On a glorious day when a majority of Kenyans take leisure after gruelling office days, it takes one about an hour to drive from the ever-engaging streets of Nairobi’s city centre to the wire fence demarcating the Nairobi Polo Club.
Adorned at the gate is a white board. ‘Welcome to Nairobi Polo Club’. Then there are fields. And stables. The stabling can handle 90 horses with additional stables at Jamhuri Park.
Also, there is a beautiful stand that can sit hundreds of spectators, and a refreshment joint.
Kenya is slowly morphing into an impressive amount of horse-and-mallet athleticism, ranging from inter-regional activities to international competitions.
Over sixteen days scattered throughout the year, polo lovers make way from the clatter of Nairobi’s daily activities to the almost moribund Jamhuri grounds.
Beneath the ‘misunderstood’ veneer synonymous with Kenyan polo, lies bales of untold stories of success, determination and persistence.
Still, the basic understanding of Nairobi polo faces—what they do, what they seek to achieve, and what they seek to demystify – is worth listening to.
It is the story of Raphael Nzomo, an aviation expert who discovered polo when he was 38 or Mike du Toit, an insurance top executive who started playing polo in his mid-40s.
It is a story of Rowena Stichbury, Philip Arungah (the current Nairobi Polo Club chairman), Baringo Senator Gideon Moi and many other families of polo lovers.
For these rosy equestrian tales to be appreciated, hours of training, gruelling but exciting competitions and blisters have been cultivated.
Glamour, beauty, luxury and sophistication have always defined the game of polo.
It is associated with luxurious brand names. Also sprinkled in its lexicon include jargons like breeches, chukkers, ponies and mallets that conjure the high-class appeal the sport possesses.
However, the intensity of polo and its activities has not stymied interest in joining it as more Kenyans yearn to see the game’s appeal.
Polo is witnessing popularity, attracting new players and spectators keen to indulge in the rich traditions of the game.
“It is spreading more and more. It is no longer a preserve for the rich. We are having new members coming. Before, they would be afraid to even ask how to join,” Raphael said.
He said there are an estimated 40 playing members attached to the Nairobi club and 200 countrywide.
Nairobi Polo Club was founded in 1907. Since then, Raphael said, Kenyan polo has experienced intermittent and steady growth in terms of members’ participation, international repute and new members. Other areas have spawned professional polo tournaments including Makuyu, Gilgil and Timau.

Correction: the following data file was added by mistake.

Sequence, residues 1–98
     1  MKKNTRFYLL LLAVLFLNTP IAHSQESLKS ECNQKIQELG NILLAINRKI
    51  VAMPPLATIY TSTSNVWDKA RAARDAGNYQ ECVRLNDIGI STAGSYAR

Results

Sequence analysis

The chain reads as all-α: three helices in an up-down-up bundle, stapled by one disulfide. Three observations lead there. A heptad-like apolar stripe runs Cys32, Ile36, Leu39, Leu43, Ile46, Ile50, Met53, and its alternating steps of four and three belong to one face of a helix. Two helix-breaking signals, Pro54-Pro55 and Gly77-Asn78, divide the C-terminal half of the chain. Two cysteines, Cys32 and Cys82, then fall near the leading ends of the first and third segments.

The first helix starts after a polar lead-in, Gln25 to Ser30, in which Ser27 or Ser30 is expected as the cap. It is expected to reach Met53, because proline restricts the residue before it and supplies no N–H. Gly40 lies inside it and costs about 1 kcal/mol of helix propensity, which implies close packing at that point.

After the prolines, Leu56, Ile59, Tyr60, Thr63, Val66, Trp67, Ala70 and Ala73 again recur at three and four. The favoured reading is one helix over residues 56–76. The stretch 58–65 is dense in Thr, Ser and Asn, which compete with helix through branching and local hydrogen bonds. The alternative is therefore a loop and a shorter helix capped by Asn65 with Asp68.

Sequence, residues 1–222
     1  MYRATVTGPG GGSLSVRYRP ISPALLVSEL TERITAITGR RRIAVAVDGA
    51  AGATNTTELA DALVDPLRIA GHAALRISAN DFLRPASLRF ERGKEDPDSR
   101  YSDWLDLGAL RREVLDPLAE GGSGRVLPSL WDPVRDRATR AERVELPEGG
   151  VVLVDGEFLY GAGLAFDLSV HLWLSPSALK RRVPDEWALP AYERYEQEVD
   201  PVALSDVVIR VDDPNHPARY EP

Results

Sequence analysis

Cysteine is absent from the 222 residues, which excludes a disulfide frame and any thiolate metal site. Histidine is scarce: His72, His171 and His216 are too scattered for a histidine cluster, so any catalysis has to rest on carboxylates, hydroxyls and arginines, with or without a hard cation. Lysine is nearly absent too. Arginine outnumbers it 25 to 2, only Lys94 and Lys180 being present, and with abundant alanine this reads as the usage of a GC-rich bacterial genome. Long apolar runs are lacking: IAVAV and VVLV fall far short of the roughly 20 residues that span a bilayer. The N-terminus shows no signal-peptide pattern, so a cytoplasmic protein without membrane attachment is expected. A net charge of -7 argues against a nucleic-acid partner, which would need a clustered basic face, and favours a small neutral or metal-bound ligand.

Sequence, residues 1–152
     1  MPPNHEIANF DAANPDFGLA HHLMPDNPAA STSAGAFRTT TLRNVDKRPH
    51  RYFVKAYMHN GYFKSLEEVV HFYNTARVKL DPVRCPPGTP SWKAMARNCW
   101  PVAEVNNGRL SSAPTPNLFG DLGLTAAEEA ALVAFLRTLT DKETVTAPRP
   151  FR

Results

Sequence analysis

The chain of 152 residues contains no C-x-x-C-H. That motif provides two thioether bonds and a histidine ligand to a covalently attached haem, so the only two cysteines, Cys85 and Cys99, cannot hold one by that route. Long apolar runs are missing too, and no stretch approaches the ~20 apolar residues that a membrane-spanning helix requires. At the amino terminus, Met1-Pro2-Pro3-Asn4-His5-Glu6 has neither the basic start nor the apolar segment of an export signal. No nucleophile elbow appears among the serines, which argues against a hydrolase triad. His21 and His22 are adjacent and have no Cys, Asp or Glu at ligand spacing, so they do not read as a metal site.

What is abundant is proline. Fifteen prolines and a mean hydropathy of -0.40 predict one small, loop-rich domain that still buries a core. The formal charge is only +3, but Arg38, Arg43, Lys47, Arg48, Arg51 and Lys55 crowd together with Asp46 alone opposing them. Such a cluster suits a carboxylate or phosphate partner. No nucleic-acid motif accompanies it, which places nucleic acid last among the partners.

Kenyan polo players are now a mixture of diverse geographical and financial backgrounds with varying degrees of experience.
“We are growing. We are on the verge on becoming a global powerhouse in the polo arena,” he said.
Polo is a very physical team sport that requires one to be thinking of many things at the same time (including the riding!). Any polo player will tell you swinging the mallet while on a speeding horse is no easy task.
The fitness polo offers— mentally and physically— is more than combination of other sports can offer. It is also addictive. In every manner of wording, polo is a very narcotic sport. Also, it does not discriminate.
“It does not matter how old you are or your gender. In June, we had the youngest being nine years and the oldest 74, and we played together,” said Rowena.
Mike du Toit, the regional group executive for Liberty and Stanlib: East and Central Africa, puts it better: “It is the only sport of such physicality where men and women compete on even terms. Don’t under-estimate a polo playing lady—put her out there on the pitch and any sweetness you saw in the bar evaporates!”
The reality is keeping a pony can be quite a daunting task. Polo members spend more time to make sure their horses are comfortable, than perhaps they play polo.
A horse stays outside during the day and in stables at night. It has to be groomed and exercised on a daily basis and fed three times a day on hay. It also needs an extra scoop of oat, barley and horse meal on a daily basis.
“Horses must be well fed and groomed. They require a lot of care and must be attended to by a vet at the slightest hint of ailment,” said Raphael.
Excluding the costs of a veterinarian in case of an illness or injury, maintenance costs for a horse are about Sh30,000 monthly.
“It’s definitely not a cheap pastime, but it’s a huge amount of fun!” said Mike.